Guest blog post by Fiona Kane from Informed Health
“The belief that the cholesterol we eat converts directly into blood cholesterol is unequivocally false” David Perlmutter, MD (Neurologist)
The Framingham Heart Study followed 15,000 participants over 3 generations and they found, the more saturated fat and cholesterol people eat, the LOWER their cholesterol levels were!
Your cholesterol number alone is not an accurate way to determine your health including risk of cardiovascular disease. LDL’s and HDL’s can both be good and bad, depending on whether they have been oxidised and depending on their sub fractions (there are many kinds of LDL, some good and some bad). What also matters is whether you have important inflammatory markers including blood markers (eg C-reactive protein (CRP), triglycerides, ESR, glucose and insulin, high levels of abdominal (belly) fat and high blood pressure). Cardiovascular disease is a disease of inflammation, so your overall levels of inflammation in the body are a better indicator of your risk.
Triglycerides are other ‘storage’ fats that are transported in blood lipoproteins, if these are present in high concentrations in the blood you are at high risk of cardiovascular disease. They are an indication that you have way too much sugar in your diet. If you have high triglycerides you will eventually start to have high glucose and high insulin levels and will be at high risk of developing insulin resistance (type II diabetes).
What does all this have to do with inflammation?
The body uses cholesterol to repair damage to the arteries caused by inflammation; these fatty deposits that develop in the arteries are your body’s short term solution to seal up the damage (kind of like a bandaid in your arteries). If the reasons for the inflammation are not addressed this will eventually cause the vessels to narrow and they can eventually become blocked. This can lead to heart attack or stroke.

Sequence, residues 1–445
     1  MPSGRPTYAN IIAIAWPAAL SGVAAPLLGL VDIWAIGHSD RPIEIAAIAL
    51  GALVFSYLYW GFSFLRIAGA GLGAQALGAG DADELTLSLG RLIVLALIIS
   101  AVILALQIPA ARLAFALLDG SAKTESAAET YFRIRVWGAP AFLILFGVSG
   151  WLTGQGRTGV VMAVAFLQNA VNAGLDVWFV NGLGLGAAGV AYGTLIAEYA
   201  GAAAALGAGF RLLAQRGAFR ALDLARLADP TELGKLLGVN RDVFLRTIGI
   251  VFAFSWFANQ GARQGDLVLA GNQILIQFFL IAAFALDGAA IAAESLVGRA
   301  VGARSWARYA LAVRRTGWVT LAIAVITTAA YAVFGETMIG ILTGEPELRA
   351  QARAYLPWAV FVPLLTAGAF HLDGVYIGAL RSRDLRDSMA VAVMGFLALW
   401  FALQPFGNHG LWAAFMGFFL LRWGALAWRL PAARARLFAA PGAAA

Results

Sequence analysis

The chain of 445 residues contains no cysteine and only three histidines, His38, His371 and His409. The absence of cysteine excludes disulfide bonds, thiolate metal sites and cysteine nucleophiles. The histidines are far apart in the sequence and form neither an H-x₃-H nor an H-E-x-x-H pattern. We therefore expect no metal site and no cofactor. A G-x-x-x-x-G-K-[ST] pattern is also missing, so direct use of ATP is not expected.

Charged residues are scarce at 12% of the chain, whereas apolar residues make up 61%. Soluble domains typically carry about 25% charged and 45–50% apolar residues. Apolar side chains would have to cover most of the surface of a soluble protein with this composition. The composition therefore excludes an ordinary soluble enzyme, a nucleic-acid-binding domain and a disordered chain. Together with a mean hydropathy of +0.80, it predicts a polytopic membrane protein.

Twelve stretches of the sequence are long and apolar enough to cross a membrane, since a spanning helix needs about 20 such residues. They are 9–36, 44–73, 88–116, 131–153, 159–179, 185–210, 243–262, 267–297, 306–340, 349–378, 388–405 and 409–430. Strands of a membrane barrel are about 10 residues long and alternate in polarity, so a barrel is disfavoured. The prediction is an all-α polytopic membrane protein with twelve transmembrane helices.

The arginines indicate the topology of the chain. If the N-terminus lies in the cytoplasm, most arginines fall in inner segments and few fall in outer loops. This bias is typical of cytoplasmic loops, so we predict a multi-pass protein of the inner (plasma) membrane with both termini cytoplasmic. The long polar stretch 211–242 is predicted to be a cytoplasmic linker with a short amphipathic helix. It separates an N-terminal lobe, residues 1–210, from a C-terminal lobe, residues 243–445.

Dr Lundell, Cardiologist explains “blood sugar is controlled in a very narrow range. Extra sugar molecules attach to a variety of proteins that in turn injure the blood vessel wall. This repeated injury to the blood vessel wall sets off inflammation. When you spike your blood sugar level several times a day, every day, it is exactly like taking sandpaper to the inside of your delicate blood vessels.
To make matters worse, the excess weight you are carrying from eating these foods creates overloaded fat cells that pour out large quantities of pro-inflammatory chemicals that add to the injury caused by having high blood sugar.
Simply stated, without inflammation being present in the body, there is no way that cholesterol would accumulate in the wall of the blood vessel and cause heart disease and strokes. Without inflammation, cholesterol would move freely throughout the body as nature intended. It is inflammation that causes cholesterol to become trapped.”
Inflammation in the body is driven by a high carbohydrate/sugar diet and consumption of poor quality oils found abundantly in packaged and junk food (eg margarine, canola oil, hydrogenated vegetable oil, partially hydrogenated vegetable oil, soy oil, corn oil, sunflower oil, cheap impure olive oil and cheap, rancid fish oils). Other causes of inflammation can be alcohol, drugs/medications, allergies/intolerances, parasites, bacteria, stress, viruses and exposure to chemicals including what you put on your skin.
Bring back the Fat
Many people in their attempts to avoid heart disease eat a low fat diet. We have now discovered that this advice was wrong and is leading to consumption of a high carbohydrate diet which is increasing inflammation, heart disease, diabetes and dementia just to name a few. To reduce your risk of heart disease and protect your brain (which is made largely of cholesterol and saturated fat), ensure you eat a ‘healthy real foods’ diet. This includes a rainbow of vegetables and salads (limit potato), good quality free range eggs and free range grass fed meat, fish including the skin/fat, free range chicken and one piece of fruit per day. Snack on a palm full of unsalted raw almonds, pecans, walnuts, pepitas and sunflower seeds. Eat real block butter; avoid any softened butter or margarine. Soften your own butter by blending with cold pressed extra virgin olive oil. Eat full fat dairy, coconut oil, avocado and avocado oil.
Reduce grains (bread, pasta, noodles, biscuits, muffins, cakes, crackers, corn etc); avoid soft drinks or any sugar drink (coffee with syrups, flavoured milk, iced teas, fruit juice etc). Avoid packaged food and junk food. Avoid vegetable oils and hydrogenated oils. Just Eat Real Food!
Overwhelmed or confused about what to eat? Book an appointment with one of our Clinical Nutritionist on 47 222 111 for specific advice for your situation.
Informed Health Nutritional Wellbeing Centre